Written by: Mike Caccioppoli, Feature Film Critic
You can have the south of France, but when it comes to film, Seattle is to the place I want to be come festival time. While Cannes has its sunbathed celebrities and posh after-screening parties, it’s Seattle that it is considered the largest festival in North America, and this years edition certainly lives up to that description. Running from May 24- June 17, the festival programmers are presenting 405 films from 60 countries. Having covered the Toronto film festival, I believe my personal record is around 38 films in eight days, for which I’m extremely proud. I mean go ahead and count ‘em, that’s nearly five films a day for over a week! This, however, is what festival-going is all about: running from one screening to the next while grabbing whatever fast food you can find along the way. (Another personal record from Toronto is ten pounds gained in eight days; not quite as proud of that one.)
While this will be my first year covering the Seattle fest, I will still do my best to catch as many films as possible and skip as many parties as possible. I already know of a few titles that are on my “must see” list. Milos Forman brings his latest effort Goya’s Ghosts starring Javier Bardem, Natalie Portman, and Stellan Skarsgard as the film centers around the life of Francisco Goya during the Spanish Inquisition. Lars Von Trier actually tries his hand at comedy, that’s right comedy with The Boss of It All about an actor that is hired to impersonate the head of a corporation. After seeing a trailer for the New Zealand camp horror film Black Sheep, I know that I won’t be the only person that gets in line for this one. Believe it or not the film is about a mutant strain of sheep that runs amok and terrorizes a sleepy town.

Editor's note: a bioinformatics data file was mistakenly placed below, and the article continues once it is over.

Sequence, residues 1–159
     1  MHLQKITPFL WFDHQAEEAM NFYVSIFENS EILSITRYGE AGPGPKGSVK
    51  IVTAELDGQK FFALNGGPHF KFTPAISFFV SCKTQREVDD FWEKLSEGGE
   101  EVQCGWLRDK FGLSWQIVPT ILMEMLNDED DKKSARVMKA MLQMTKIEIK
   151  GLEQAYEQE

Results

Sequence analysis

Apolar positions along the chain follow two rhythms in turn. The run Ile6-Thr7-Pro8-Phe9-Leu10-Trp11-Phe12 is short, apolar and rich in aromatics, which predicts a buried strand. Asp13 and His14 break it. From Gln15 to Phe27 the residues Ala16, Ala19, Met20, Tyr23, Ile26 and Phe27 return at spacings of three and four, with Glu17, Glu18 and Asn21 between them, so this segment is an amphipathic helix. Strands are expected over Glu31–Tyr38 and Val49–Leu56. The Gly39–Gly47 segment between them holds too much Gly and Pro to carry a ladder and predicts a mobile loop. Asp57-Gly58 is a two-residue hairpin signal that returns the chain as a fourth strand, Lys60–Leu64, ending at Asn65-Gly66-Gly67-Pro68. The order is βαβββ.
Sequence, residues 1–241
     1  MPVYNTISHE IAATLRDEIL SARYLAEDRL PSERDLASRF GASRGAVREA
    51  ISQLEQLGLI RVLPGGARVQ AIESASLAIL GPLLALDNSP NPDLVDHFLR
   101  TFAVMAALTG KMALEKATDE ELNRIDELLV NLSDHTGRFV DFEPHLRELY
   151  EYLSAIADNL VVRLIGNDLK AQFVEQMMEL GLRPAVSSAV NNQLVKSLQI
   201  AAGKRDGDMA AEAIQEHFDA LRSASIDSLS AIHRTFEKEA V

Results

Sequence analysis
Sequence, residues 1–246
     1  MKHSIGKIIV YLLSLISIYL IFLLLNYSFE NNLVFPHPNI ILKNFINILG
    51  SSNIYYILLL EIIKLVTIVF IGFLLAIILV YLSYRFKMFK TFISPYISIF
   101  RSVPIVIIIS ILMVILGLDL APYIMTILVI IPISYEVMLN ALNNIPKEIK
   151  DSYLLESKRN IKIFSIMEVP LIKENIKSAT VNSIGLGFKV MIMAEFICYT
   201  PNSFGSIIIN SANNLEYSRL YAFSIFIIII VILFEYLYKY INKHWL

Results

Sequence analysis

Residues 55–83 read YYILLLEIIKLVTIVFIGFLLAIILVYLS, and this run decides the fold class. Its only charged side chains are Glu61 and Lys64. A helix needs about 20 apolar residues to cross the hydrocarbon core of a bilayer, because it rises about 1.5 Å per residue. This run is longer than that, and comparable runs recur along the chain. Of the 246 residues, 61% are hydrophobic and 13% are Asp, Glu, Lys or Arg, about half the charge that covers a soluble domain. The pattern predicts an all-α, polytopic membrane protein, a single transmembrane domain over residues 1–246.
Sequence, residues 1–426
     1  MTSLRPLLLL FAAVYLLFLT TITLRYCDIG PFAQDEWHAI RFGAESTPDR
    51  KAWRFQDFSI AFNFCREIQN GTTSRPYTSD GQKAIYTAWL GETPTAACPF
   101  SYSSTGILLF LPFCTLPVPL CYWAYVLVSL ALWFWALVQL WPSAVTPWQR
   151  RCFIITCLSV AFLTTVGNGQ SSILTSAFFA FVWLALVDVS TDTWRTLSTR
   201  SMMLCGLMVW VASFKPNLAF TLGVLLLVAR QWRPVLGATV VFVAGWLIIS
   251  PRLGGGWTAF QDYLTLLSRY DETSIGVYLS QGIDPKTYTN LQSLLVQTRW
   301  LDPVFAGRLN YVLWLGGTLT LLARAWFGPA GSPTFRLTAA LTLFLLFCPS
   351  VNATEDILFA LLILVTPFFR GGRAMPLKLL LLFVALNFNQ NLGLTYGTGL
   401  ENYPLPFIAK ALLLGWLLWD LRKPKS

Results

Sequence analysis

As you can see with just the few films I’ve talked about, another great thing about film festivals is the variety shown, combined with the fact that you get so little down time between them. This makes it possible to get blindsided by something you never expected, to find a gem in the midst of all of the craziness that you can’t wait to tell a friend about. It’s also about the opening and closing night galas and this year the film Son of Rambow, an homage to childhood and the movies from Garth Jennings and Nick Goldsmith, will open the festival on May 24. On June 17 the festival will close with Laurent Tirard’s Moliere, a comedy about the French satirist.
I could go on forever with descriptions of all of the titles at this year’s festival but it’s easier to go to seattlefilm.org where you can find a complete list of films, screening dates, and ticket info. If you can’t make it to Seattle don’t worry because we’ll have complete coverage of the festival right here. Can I break my record of 38 films? Will I be drawn to all of the hip parties? You’ll just have to wait and see because at a film festival, you can expect the unexpected.